Amy Boone Thompson
Billions of dollars are spent each year on dieting plans and supplement aids to help people lose weight. Yet the obesity epidemic in America continues to steadily increase. Adults are consuming far more calories per day than needed. Factors such as bigger portions, convenience of fast food, higher caloric density food choices and limited access to nutritious foods are named in the blame. There is no question that adults need to take in fewer calories and choose healthier foods. A staggering two-thirds of American adults are obese and less than half of them meet the minimum recommendations for exercise. Just how important is exercise in the weight loss predicament? Can I restrict calories alone to reach my idea weight? To answer this question we need to first understand how the body’s energy equation works.
There are three primary ways that we use or “burn” calories. The resting metabolic rate (RMR) makes up about 75% of the total calories your body uses in a 24-hour cycle. The other 25% of caloric needs are for activity and digestion. RMR is the minimal caloric requirement needed. This is the amount of energy your body would burn if you slept for 24 hours. There are many factors that alter the RMR such as age, height, stress and hormone fluctuations, but body composition has the largest impact. Dr. Cheryl Rock, RD, Department of Family and Preventive Medicine at UCSD states, “The biggest contributor to total energy expenditure is the resting metabolic rate, or basal energy expenditure. The major determinant of RMR is the amount of lean body mass.”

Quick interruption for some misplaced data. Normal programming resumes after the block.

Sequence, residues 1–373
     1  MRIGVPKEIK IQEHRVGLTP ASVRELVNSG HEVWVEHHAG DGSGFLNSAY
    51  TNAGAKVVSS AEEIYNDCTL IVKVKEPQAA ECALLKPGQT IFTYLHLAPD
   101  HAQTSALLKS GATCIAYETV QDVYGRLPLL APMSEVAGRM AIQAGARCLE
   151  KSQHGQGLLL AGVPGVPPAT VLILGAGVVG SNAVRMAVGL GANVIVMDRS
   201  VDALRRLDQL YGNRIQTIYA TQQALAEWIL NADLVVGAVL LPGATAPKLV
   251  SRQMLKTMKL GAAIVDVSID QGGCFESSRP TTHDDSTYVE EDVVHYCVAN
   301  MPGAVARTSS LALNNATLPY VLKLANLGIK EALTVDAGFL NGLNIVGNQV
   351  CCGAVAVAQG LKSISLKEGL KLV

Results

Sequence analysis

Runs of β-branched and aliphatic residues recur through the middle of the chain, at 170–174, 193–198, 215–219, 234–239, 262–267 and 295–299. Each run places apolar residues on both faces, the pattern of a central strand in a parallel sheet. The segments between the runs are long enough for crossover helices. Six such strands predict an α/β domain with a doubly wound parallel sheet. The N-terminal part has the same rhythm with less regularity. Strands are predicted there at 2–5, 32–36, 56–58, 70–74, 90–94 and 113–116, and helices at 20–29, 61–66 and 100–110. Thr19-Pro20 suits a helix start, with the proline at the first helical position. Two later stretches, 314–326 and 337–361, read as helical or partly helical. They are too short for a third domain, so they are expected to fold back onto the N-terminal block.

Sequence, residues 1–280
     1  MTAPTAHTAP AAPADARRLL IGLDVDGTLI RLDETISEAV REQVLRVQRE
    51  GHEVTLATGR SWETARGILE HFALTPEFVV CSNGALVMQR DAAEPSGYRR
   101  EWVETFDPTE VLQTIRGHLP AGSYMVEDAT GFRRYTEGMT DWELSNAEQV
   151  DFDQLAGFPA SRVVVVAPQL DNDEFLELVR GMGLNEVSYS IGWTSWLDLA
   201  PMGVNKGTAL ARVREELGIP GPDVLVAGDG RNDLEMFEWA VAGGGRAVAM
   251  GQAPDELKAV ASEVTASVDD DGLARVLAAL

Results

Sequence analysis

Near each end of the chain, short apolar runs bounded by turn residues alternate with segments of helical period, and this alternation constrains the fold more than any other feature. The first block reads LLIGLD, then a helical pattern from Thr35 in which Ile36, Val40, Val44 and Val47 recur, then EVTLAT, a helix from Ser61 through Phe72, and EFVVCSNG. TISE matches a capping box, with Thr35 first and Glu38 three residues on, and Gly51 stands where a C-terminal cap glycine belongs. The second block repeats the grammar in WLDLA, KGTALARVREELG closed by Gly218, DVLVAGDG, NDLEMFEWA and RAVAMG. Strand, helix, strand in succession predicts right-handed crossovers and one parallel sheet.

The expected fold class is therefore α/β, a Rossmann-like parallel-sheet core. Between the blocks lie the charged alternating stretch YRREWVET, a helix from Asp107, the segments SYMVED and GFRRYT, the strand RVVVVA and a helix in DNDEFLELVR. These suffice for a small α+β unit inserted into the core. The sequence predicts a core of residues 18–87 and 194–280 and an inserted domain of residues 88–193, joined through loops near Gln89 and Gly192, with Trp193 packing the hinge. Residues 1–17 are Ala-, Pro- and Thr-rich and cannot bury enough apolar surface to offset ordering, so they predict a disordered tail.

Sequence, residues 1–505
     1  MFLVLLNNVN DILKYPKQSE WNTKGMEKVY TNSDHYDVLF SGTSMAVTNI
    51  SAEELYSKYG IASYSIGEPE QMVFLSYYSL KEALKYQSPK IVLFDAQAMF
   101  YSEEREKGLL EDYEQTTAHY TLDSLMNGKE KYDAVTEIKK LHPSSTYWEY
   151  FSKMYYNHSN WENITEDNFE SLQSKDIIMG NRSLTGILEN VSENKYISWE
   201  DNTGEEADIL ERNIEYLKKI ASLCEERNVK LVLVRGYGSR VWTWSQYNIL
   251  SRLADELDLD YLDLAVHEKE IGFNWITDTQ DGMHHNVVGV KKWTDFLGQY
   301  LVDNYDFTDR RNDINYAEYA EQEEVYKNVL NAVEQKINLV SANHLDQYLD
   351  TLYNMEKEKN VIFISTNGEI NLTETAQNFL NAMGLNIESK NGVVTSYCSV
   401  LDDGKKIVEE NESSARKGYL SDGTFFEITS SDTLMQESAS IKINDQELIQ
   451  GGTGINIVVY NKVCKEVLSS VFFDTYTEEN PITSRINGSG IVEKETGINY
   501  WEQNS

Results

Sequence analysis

To increase lean body mass a person needs to incorporate an exercise regime with cardiovascular activity and resistance training. “Exercise contributes to healthy weight control through two mechanisms – through increased total energy expenditure (because additional calories are burned doing the exercise) and also promoting the retention and increase in lean body mass (so that RMR is retained or increased).” says Rock. Just how much exercise is recommended? The Center for Disease Control & Prevention recommends 60-90 minutes of activity, daily. Sustained cardiovascular exercise should be gradually increased both in duration and intensity to this 60-90 minute range. Resistance training should be included 2-4 times per week addressing all major muscles. Consistency is the key to success in any exercise program.
Exercise benefits your body’s energy equation in two ways. Short-term- you burn calories while you do the activity. Long-term- you add lean body mass, which will increase the amount of calories your body requires at rest. This in turn helps you achieve a healthy weight faster, does not require you to starve yourself of nutrients and it allows you to enjoy life in a fully capable and mobile body.Center for Disease Control & Prevention, Prevalence of Physical Activity, Including Lifestyle Activities Among Adults — United States, 2000–2001, MMWR August 15, 2003, 52(32):764–769. Journal of the American Medical Association. 295(13):1549-55, 2006 Apr 5.